Pathogenicity characteristics of Candida

Yeasts, which cause mycotic infections, are mostly representatives of the genus Candida, in particular Candida albicans, and also to an increasing extent Candida glabrata, Candida tropicalis and Candida krusei. Yeasts are so-called facultative pathogenic organisms, i.e. the emergence of a disease state depends on both the pathogenic characteristics of the yeasts, as well as the immune status of the host.

Variable spectrum of virulence factors

Yeasts exhibit a varying spectrum of virulence factors. Whereas certain components of the cell wall (chitin, glucan) are of importance for the integrity of the Candida cell, the mannoproteins of the cell wall as well as the fimbria are said to have a role as adhesins.

These adhesins can are able to bind to receptors of the host cell and thus initiate the colonisation of Candida within the host organism. The so-called integrins have been described more recently as new adhesion factors. With their help, specific interaction with epithelial cells, endothelial cells, fibrinogen, fibronectin and laminin (all components of the extracellular matrix), as well as with the C3b molecules of the complement system is possible.

SAPs specifically disable the immune function

In addition to the adhesins and integrins, Candida forms enzymes, which are of importance for the occurrence of infection. These include firstly the secretory aspartyl proteinases (SAPs), which have the best activity in the acid pH range  but are still active up to pH 7. Candida albicans has at least ten slightly different proteinases, which are coded by ten different genes. Thanks to the proteinases, the yeasts are able to switch off specific defence functions of the host.


Genetic adaptation to environmental factors

The individual proteinase genes are not expressed at the same time so that the activity of virulence factors can be modified by environmental factors. Thus, the SAP-2 gene is induced by the presence of proteins in the culture medium which serves as the sole nitrogen source for the yeast if low molecular weight sources of N are lacking. Further hydrolytic enzymes of Candida are the phospholipases, whose significance in the occurrence of infection has so far not been able to be clearly defined.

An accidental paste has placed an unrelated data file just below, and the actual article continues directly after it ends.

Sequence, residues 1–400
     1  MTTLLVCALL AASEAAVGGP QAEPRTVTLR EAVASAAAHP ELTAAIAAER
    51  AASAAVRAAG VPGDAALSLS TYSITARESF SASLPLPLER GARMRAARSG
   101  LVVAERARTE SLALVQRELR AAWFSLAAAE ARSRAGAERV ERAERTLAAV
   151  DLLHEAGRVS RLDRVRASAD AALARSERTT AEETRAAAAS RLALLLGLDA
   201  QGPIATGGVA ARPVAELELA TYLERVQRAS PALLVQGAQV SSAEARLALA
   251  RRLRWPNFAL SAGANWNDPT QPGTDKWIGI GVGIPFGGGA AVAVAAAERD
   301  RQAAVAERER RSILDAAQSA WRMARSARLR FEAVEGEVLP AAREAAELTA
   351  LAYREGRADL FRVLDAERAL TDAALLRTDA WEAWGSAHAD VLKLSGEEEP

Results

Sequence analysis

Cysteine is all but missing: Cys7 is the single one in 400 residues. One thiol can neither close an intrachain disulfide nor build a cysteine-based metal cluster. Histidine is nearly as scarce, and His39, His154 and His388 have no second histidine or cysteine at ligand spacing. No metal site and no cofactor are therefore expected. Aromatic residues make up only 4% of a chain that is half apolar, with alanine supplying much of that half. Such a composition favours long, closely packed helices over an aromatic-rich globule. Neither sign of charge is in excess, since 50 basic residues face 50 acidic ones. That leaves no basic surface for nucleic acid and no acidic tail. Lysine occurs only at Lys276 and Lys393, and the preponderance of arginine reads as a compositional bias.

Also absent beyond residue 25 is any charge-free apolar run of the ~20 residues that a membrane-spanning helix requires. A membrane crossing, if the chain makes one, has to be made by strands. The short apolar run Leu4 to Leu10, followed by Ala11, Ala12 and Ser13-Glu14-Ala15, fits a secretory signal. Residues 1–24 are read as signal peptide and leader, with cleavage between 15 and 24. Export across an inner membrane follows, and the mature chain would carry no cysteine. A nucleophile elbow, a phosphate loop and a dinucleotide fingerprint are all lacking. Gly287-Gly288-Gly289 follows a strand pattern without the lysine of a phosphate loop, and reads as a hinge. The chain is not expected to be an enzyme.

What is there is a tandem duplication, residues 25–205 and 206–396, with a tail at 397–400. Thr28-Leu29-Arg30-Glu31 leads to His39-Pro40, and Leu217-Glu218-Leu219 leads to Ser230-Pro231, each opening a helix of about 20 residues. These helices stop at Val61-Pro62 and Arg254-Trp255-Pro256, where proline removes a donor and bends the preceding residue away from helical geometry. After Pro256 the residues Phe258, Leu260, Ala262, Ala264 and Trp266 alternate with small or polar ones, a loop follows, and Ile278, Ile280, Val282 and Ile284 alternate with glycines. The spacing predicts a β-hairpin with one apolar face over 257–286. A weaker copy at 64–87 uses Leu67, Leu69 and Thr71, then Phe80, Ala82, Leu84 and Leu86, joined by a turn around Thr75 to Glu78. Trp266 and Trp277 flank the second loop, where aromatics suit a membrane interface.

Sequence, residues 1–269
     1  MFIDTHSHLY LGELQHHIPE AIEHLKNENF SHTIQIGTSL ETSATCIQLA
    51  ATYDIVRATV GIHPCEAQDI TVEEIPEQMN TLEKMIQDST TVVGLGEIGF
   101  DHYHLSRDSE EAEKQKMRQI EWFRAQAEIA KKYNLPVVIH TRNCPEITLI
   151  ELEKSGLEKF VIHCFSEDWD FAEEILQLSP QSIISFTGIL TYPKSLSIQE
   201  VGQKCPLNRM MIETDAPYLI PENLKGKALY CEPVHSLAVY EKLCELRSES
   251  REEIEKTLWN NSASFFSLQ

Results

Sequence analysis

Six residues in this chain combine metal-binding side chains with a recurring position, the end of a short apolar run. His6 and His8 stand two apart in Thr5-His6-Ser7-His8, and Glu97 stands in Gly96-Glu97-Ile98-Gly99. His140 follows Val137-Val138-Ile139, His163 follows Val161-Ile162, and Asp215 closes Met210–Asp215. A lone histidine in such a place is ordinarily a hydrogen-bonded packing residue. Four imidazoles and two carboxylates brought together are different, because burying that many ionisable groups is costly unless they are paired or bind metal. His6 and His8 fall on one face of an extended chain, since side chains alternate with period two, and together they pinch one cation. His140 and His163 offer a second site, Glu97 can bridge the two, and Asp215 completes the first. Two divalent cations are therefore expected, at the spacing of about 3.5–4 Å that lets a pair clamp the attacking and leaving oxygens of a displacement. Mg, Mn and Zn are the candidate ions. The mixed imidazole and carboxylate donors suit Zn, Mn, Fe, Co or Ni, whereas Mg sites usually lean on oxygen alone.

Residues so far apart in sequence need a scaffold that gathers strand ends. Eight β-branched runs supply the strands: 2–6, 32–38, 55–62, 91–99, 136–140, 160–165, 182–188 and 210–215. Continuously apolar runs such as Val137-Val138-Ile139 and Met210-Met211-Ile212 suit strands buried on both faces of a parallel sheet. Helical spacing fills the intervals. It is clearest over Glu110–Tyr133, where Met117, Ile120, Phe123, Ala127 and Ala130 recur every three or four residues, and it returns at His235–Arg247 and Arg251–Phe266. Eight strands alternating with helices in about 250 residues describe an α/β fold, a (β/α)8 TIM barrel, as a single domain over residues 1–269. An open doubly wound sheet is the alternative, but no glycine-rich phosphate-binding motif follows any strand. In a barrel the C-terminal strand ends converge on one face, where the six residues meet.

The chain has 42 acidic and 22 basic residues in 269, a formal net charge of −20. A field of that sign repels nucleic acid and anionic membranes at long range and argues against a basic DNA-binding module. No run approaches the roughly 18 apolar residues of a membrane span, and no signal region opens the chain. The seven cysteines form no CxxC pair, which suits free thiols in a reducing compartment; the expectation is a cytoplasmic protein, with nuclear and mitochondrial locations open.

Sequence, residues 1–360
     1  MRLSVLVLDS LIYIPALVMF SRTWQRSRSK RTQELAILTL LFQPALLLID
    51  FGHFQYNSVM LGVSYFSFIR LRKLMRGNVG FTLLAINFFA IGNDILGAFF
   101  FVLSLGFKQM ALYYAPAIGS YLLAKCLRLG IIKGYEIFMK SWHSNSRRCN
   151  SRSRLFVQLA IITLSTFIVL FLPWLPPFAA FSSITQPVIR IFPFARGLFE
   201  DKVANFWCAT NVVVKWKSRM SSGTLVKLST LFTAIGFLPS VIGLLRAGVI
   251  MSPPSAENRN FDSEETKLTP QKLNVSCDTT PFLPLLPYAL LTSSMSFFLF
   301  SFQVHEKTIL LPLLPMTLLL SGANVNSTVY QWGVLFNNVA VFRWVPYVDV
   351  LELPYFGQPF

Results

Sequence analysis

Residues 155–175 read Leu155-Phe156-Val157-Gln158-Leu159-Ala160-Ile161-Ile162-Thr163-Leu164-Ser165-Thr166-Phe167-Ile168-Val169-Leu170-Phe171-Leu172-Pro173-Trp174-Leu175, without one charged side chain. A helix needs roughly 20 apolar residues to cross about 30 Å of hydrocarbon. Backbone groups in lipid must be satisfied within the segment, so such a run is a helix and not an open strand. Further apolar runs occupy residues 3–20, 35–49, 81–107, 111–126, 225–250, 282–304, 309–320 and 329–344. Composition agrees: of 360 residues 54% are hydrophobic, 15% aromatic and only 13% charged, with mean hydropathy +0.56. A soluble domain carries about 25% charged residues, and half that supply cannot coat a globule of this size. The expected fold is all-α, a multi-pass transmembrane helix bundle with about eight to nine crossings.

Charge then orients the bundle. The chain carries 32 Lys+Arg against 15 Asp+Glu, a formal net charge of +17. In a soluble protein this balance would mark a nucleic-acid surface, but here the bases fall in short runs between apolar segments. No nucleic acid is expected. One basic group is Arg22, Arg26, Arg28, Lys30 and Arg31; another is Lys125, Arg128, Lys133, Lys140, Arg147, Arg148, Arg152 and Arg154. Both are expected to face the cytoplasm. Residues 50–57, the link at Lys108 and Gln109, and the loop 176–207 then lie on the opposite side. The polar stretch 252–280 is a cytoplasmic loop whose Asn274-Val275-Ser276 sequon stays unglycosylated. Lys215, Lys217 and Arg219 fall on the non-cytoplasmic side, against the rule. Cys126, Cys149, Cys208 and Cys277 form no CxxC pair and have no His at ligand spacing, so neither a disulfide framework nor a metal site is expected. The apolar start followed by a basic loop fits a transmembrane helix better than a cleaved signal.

Adaptability of Candida albicans

Even under unfavourable environmental conditions, Candida albicans is extremely adaptable, thanks to its genetic flexibility:

  • Specific chromosomal losses = Deletion of gene clusters (e.g. genes which mediate sensitivity towards toxic-acting/anti-mycotic substances)
  • Specific chromosomal duplication = Propagation of gene clusters

Dimorphism and "Phenotypic Switching"

Dimorphism and phenotypic switching are also important for the pathogenicity of yeasts. Whereas Candida normally grows as spherical yeast cells, hyphae play an important role in invasive diseases. The change of form ‘yeast/hypha’ (= dimorphism) is a prerequisite for the occurrence of infection.

Phenotypic switching is the ability of Candida albicans to adapt to altering environmental conditions, by changing its morphology and cell properties, such as e.g. its antigenic structure. This results in two different forms of colony: the white form (smooth, spherical, round cells) or the opaque form (flat, large cells with a changed lipid composition).

Dimorphism and switching are accompanied by a change in the biological activity of Candida. Hence, an increase in the expression of SAP 1 with a change of form ‘yeast/hypha’ with SAP 4 has been observed during switching. SAPs can inactivate factors of the immune defence system as well as cause damage to the host cells.

"Escape phenomenon"

The reversible changes to the cell surface (phenotypic switching), the change of physical shape and the possibility of the “invasion” of yeasts in macrophages are described as the “escape phenomenon”. Normally, yeasts are destroyed by macrophages and surface structures are presented as antigens of the specific immune defence (T/B-cells).

Under certain circumstances, however, yeast cells phagocytosed by macrophages may survive and "hide" in macrophages Secific immune defences are not activated. In this state, yeasts produces hyphae and can also escape the influence of antimycotics, which can lead to recurrence of the disease.

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